One problem is that the industry today is ruled by Wall Street and has very short term outlook. We know for a fact that most industrial giants have closed their research labs or shrunk them greatly. Just for kicks, which industry will subcontract a CERN collider or a Hubble telescope? We are also seeing this in biomed. Industrial firms were in no rush to develop Ebola cures because they could not see the profit. Now the government is giving tons of money to the few promising leads trying to play catch up and we are losing lives in the process. Similarly, and more ominously, companies are not investing in new antibiotics and we are seeing major antibiotic resistant strains arise and threaten medieval-style misery. I suppose we will dump money at the problem when the first few millions die from some new pandemic caused by a relative of a previously benign bug. In short, bringing in industry to manage science is a terrible idea and there is tons of examples right here right now.
National labs could certainly be diversified in their mission to facilitate transition of academic minds into industry. The problem is... where are those industry jobs?
Putting everyone on GSA scale is a great and overdue idea. You will have to boost grant funding to prevent existing research projects from grinding to a halt but after that boost you could maintain that level steady. NIH already has some salary guidelines but they do need to be boosted.

In any event, the real problem is the lack of funding and hence jobs, whether in the industry or in academia. Personally, I feel that the solution is to acknowledge that we have too many graduates at every level and to then dramatically increase academic standards so that only very few could get a PhD and this degree would be seen (as it once was) as a major accomplishment that truly sets one apart from their peers. I think that if we simply produced ten times less PhDs then we would have none of the issues with postdoc glut. In hard sciences, we should eliminate Master's degrees because right now you get it if you are a failure and cannot get a PhD. The degree might have its uses in Engineering though. We need to cut the number of bachelor degrees until salaries for tech work start to go up. We also need to reorient scientific labs to employ technicians, rather than students or postdocs. That way labor will get a market price and will not be tied to a degree. Bachelor students will once again know that there is an industry job waiting if they can get a degree. PhD students will then be apprentices who will know up front that they aim for academic freedom but their odds are like the odds of winning the Olympics. And if PhD students fail to get a degree then they will still have a bachelor to fall back on.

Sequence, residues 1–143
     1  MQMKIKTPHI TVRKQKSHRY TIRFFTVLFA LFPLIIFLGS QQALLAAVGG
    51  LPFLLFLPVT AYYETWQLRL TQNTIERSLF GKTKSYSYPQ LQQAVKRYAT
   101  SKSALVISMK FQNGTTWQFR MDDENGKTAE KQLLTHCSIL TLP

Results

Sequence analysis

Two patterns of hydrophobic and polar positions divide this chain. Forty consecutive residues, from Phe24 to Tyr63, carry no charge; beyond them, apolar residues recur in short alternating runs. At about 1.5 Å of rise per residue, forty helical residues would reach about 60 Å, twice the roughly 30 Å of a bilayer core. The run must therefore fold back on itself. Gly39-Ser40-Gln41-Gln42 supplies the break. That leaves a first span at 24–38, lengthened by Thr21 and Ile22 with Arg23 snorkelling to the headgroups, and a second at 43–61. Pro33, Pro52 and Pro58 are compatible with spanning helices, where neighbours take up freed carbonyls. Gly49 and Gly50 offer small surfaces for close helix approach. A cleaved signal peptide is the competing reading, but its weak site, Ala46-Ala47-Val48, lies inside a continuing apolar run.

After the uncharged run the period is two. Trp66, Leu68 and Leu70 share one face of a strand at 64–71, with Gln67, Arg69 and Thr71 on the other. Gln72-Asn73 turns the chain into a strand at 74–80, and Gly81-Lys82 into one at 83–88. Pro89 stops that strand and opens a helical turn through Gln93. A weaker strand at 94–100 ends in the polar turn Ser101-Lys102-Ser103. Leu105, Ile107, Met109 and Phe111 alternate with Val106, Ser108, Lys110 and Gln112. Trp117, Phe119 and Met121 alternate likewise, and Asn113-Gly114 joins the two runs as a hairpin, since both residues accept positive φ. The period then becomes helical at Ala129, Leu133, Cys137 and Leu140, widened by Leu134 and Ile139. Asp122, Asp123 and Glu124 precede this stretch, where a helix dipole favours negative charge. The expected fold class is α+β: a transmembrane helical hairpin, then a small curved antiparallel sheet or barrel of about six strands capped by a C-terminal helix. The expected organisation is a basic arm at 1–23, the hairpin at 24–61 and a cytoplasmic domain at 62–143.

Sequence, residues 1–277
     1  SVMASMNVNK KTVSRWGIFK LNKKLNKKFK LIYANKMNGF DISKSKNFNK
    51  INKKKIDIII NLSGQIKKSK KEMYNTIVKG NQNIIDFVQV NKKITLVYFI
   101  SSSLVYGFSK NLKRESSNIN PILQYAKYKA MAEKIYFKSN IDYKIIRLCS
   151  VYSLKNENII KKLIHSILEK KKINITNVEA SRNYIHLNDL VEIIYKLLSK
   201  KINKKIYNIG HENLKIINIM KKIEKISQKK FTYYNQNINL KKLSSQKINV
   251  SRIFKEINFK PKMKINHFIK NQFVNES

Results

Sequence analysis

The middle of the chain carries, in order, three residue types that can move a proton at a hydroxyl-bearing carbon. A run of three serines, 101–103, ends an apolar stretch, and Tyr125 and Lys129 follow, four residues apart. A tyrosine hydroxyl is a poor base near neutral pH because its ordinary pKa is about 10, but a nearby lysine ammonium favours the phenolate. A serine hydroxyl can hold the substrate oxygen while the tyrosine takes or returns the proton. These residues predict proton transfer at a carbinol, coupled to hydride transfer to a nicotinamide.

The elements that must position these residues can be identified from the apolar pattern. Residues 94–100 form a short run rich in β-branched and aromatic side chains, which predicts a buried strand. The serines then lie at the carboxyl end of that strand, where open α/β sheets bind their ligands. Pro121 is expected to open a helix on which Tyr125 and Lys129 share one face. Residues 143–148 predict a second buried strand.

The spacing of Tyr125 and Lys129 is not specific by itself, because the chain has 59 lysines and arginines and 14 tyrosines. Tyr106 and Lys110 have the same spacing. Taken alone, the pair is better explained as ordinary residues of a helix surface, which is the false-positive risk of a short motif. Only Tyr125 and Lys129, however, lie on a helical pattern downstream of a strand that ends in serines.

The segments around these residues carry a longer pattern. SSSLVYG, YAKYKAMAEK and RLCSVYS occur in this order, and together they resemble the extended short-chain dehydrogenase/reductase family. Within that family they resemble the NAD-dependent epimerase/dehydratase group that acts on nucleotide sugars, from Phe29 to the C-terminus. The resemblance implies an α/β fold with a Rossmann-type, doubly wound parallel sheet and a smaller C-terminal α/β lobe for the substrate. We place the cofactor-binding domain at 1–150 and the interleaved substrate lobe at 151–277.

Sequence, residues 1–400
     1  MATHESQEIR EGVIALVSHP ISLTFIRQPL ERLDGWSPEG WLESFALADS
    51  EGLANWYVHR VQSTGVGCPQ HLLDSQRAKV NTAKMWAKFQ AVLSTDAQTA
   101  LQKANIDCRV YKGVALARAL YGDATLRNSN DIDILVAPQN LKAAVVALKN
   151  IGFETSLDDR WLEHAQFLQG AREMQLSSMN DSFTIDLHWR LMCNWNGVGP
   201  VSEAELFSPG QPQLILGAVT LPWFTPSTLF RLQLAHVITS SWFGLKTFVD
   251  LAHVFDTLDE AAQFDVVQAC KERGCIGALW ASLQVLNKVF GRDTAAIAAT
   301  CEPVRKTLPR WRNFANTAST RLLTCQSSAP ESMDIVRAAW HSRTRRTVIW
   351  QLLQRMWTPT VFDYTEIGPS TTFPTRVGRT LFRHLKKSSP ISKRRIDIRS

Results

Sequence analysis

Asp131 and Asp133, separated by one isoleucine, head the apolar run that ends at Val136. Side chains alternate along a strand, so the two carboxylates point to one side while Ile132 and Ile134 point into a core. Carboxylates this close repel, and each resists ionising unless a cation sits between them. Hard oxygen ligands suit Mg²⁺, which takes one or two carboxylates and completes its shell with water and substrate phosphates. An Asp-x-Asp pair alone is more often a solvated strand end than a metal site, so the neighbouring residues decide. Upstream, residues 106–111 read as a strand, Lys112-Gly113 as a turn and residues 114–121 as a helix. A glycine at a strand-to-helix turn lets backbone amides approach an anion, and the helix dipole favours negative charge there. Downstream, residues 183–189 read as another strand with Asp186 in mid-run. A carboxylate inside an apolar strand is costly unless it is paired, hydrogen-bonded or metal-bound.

Most importantly, we need to dramatically increase salaries for middle and high school teachers of science and math and simultaneously increase hiring prerequisites. This is where we need to channel the current glut. The brightest people on the sidelines need to be channeled into getting our society as a whole up to speed.

Slashdot Top Deals

UNIX is hot. It's more than hot. It's steaming. It's quicksilver lightning with a laserbeam kicker. -- Michael Jay Tucker